Politics & Government

Tacoma city officials say boulders near library were last resort

The city of Tacoma cleared a grass parking strip near the main Tacoma library of trash and hypodermic needles at least twice before resorting to dropping boulders there this month to prevent people from gathering, city officials said Monday.

City staff plan to brief the City Council on Tuesday (June 16) about such “encampment and site hardening” efforts, which have come under criticism following news coverage of the boulders’ installation. Last week, a group of people gathered to eat lunch on the boulders and talk about potential solutions to homelessness.

The city has identified seven “hot spots” for homeless encampments, said Colin DeForrest, homeless services manager for the city of Tacoma. All seven have been cleared multiple times this year, he said.

The parking strip near the library is considered part of a hot spot that includes Tacoma Avenue and other area streets. Others include locations under Interstate 705, the slope above Schuster Parkway, and the areas near Portland Avenue Community Center and the former Rogers Elementary School on the East Side.

The debris in these hot spots can include hypodermic needles, human waste, rat nests and mounds of trash, DeForrest said.

Each encampment has a management plan, DeForrest said. For the site near the library, that plan included placing a strip of boulders and trees. The trees will be installed in the fall.

The city also tries to connect the homeless with housing, mental health and other services.

“The answer is not to put rocks on the side of the street and say, ‘You can’t be here’ and ‘Get out of there’ and that’s going to be the solution to the problem,” DeForrest said.

The city placed the rocks near the library because there was a “growing feeling that it was not a safe place,” he said.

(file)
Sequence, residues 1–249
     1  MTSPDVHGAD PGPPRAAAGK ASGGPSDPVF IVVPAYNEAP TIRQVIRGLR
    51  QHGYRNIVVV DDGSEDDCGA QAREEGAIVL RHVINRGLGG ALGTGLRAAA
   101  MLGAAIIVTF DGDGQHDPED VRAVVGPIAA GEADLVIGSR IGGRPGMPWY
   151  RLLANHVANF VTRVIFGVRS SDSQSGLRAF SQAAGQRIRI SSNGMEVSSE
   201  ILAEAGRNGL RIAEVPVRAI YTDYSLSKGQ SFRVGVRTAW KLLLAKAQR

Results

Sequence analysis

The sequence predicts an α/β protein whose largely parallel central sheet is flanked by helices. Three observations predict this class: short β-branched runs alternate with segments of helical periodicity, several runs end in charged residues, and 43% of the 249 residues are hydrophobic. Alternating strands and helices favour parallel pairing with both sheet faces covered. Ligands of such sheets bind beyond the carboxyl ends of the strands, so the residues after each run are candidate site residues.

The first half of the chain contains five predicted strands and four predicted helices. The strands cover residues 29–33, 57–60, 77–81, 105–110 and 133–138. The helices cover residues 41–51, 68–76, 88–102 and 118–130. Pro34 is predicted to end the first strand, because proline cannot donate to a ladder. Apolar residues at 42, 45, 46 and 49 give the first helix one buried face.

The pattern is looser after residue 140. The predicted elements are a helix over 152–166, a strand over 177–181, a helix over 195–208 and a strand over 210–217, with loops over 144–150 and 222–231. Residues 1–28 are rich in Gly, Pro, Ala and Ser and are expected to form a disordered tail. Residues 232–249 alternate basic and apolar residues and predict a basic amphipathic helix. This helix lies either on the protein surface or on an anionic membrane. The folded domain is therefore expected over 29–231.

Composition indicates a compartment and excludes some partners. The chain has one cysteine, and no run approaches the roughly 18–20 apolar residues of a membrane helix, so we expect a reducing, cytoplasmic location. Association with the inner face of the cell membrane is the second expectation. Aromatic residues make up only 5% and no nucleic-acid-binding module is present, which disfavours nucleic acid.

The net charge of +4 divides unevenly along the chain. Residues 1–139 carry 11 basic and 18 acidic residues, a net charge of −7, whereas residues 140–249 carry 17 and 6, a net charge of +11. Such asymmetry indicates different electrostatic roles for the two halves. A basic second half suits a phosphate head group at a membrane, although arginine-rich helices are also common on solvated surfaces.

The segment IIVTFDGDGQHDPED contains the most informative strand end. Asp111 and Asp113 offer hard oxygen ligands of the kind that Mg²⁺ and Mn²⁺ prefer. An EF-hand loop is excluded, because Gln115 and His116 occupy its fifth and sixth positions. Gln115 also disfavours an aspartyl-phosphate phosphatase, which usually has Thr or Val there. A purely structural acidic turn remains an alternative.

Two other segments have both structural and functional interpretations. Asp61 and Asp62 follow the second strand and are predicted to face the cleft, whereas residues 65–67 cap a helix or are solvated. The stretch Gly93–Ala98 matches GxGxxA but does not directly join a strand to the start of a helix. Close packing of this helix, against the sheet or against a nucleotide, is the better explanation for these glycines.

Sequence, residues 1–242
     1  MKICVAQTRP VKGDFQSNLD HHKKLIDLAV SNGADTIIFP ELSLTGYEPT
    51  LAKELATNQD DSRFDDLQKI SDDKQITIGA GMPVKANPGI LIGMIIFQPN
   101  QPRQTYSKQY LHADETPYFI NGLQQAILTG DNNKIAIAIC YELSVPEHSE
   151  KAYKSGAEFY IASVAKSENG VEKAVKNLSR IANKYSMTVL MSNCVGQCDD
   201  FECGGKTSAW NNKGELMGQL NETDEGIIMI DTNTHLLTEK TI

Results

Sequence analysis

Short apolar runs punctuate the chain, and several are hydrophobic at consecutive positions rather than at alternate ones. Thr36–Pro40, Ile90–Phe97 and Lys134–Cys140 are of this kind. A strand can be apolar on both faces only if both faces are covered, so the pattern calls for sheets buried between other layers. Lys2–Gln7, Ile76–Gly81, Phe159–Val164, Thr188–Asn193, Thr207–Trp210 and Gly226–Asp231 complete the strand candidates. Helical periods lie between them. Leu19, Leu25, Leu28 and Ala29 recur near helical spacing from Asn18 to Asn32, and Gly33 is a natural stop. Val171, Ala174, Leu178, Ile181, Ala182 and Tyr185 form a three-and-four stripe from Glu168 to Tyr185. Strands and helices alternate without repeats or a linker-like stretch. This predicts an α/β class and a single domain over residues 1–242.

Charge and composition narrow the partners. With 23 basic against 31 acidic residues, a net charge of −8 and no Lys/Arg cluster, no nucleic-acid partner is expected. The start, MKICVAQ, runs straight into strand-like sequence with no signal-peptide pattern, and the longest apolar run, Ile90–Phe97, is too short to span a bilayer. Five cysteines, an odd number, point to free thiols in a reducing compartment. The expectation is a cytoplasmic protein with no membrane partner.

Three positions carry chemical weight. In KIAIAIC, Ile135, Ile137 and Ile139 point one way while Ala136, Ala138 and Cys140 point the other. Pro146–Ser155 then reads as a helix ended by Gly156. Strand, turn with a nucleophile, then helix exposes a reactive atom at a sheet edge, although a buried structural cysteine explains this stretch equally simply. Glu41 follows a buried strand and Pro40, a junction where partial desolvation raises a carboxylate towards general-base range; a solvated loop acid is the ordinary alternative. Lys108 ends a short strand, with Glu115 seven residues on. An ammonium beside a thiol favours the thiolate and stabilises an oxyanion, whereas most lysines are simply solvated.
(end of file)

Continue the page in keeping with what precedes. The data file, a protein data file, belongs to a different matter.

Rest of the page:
DeForrest said he thinks the tactic has worked.

“The fact that last week there were people who had lunch on them tells you right there. Those people weren’t having lunch there the week before that,” DeForrest said.

Rob McNair-Huff, who works nearby and attended last week’s boulder protest, said the people who once congregated on the parking strip have moved a few blocks uphill to the west.

DeForrest knows they have to live somewhere, but current city law does not allow people to live outside.

“We do our darnedest to get extra people into those shelters,” DeForrest said. “We get extra cots. We get extra beds.”

Some homeless will refuse help, said Tacoma Police Department spokeswoman Loretta Cool, who has worked for Nativity House, which operates a homeless shelter.

“Some people don’t want any help at all,” she said. “It’s not that they don’t want assistance. It’s that they don’t feel like they need to check in or be monitored.”

While the City Council passed a law last year that allows nonprofit organizations to host temporary homeless camps, no agency has stepped forward to start the process in Tacoma, DeForrest said.

Tacoma recently dropped boulders in one other hot spot — under I-705 near the Dock Street offramp — in partnership with the Washington State Department of Transportation.

Cara Mitchell, spokeswoman for WSDOT, said the agency clears out homeless encampments several times a year. The agency posts notices to vacate before clearing an area, she said. That includes bringing in people who can possibly help those living there.

“Our challenge is every time we clear out a homeless camp, within a very short time frame, sometimes within an hour or two, the area is reoccupied and the cycle starts all over again,” Mitchell said.

The agency has tried fencing off the area but that didn’t work, and they want to prevent people from living under the bridge to make sure state workers can safely maintain the ramps. Sometimes people living there start fires, which can harm the bridges, Mitchell said.

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